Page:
US shutdown: Defence staff told to return to work
Most of the 400,000 US defence department staff sent home amid the US government shutdown have been told to return to work next week.
Defence Secretary Chuck Hagel said the decision was based on an interpretation of the Pay Our Military Act.
A budget row between Republicans and Democrats has forced the closure of federal services for five days now.
But the sides have now voted to approve back-pay for the 800,000 federal workers sent home without salaries.
In a rare moment of bipartisan co-operation, the House of Representatives on Saturday approved by 407-0 a bill to pay the federal workers once the shutdown ends.
There remains no sign of any deal on the federal budget, however.
Republicans who control the House of Representatives have refused to approve the budget, saying they would only do so if President Barack Obama's healthcare reform law was delayed or stripped of funding.
Mr Obama and the Democrats have refused, noting the law was passed in 2010, subsequently approved by the Supreme Court, and was a central issue in the 2012 election which Mr Obama won.
The Pay Our Military Act was passed by Congress shortly before the shutdown.
Mr Hagel said earlier in the week he wanted to find a way to get his civilian staff back to work.
He said lawyers had told him the Pay Our Military Act permitted employees "whose responsibilities contribute to the morale, well-being, capabilities and readiness of service members" to be exempted.
"I expect us to be able to significantly reduce - but not eliminate - civilian furloughs under this process," he said.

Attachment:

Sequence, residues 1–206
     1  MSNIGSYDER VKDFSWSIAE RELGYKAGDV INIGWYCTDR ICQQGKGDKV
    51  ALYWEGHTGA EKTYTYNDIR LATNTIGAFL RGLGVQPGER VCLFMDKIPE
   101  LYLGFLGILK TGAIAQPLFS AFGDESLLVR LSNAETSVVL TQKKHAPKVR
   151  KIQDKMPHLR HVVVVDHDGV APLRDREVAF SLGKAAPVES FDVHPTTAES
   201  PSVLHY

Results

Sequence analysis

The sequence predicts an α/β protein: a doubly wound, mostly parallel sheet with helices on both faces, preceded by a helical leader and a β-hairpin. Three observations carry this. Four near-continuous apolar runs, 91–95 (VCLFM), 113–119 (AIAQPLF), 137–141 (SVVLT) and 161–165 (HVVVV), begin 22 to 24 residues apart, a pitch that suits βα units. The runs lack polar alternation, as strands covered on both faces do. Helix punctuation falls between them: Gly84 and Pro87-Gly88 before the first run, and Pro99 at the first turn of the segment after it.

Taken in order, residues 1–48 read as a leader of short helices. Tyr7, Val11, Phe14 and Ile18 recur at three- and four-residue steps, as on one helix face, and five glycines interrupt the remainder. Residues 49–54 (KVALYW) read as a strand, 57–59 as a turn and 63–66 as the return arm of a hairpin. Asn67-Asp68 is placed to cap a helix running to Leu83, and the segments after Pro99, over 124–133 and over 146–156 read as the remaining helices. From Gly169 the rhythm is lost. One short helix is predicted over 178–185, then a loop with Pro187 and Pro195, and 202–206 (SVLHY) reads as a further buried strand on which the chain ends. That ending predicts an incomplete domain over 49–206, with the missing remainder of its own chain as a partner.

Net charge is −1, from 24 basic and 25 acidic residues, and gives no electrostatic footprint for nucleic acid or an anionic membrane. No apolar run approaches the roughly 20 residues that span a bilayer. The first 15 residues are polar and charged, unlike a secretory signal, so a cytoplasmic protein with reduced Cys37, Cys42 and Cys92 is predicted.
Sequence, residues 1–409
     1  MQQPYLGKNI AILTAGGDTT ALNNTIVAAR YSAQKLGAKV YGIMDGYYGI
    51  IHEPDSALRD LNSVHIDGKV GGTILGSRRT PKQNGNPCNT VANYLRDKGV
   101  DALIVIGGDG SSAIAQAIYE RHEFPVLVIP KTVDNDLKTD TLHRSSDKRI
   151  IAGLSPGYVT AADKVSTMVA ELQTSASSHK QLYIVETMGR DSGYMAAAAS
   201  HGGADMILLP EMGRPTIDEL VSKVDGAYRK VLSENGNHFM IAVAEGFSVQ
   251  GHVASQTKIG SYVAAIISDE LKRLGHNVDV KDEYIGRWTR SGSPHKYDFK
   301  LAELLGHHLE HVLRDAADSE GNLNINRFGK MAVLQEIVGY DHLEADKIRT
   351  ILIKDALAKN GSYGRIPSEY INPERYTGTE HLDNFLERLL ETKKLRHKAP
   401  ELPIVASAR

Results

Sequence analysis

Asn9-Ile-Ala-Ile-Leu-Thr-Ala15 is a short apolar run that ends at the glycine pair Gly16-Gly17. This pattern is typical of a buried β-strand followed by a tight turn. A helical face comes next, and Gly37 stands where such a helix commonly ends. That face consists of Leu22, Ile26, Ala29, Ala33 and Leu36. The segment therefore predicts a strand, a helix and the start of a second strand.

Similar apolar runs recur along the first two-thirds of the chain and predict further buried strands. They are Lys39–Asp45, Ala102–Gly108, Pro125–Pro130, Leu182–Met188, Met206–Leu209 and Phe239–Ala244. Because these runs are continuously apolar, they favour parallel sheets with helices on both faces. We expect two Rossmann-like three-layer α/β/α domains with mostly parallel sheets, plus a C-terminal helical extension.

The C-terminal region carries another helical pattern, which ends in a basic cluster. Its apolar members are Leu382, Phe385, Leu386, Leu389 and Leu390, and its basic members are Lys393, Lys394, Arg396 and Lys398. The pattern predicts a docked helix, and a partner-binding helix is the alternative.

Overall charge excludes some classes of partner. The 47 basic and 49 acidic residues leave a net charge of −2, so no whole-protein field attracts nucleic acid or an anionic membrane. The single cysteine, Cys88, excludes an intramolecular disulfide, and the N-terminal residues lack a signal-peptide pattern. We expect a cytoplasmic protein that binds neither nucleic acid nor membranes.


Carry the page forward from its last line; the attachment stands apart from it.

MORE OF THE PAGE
Secretary of State John Kerry on Saturday warned that any prolonged shutdown could affect the US internationally.
But, speaking at a meeting of Asian leaders in Indonesia, he said any impact was "momentary" and Washington's commitment to the region was "undiminished".
President Obama cancelled his Asia visit because of the shutdown.
In his weekly radio address, Mr Obama urged the Republicans to "end this farce".
The next key deadline will be 17 October.
Unless Congress agrees to raise the $16.7 trillion (£10.4 trillion) statutory borrowing limit by then, the US could default on its debts for the first time in its history.
Mr Obama said: "For as reckless as a government shutdown is, an economic shutdown that comes with default would be dramatically worse."
Mr Obama has refused to negotiate with the Republicans until they pass a temporary bill to end the shutdown and raise the debt limit.
The leader of the Republicans in the House, Eric Cantor, said negotiations could end the deadlock, but that President Obama "seems to be unwilling to sit down and talk with us".
Mr Cantor said: "It doesn't make any sense if the president has an axe to grind with the opposing party, why he would want to put the American people in the middle of that?"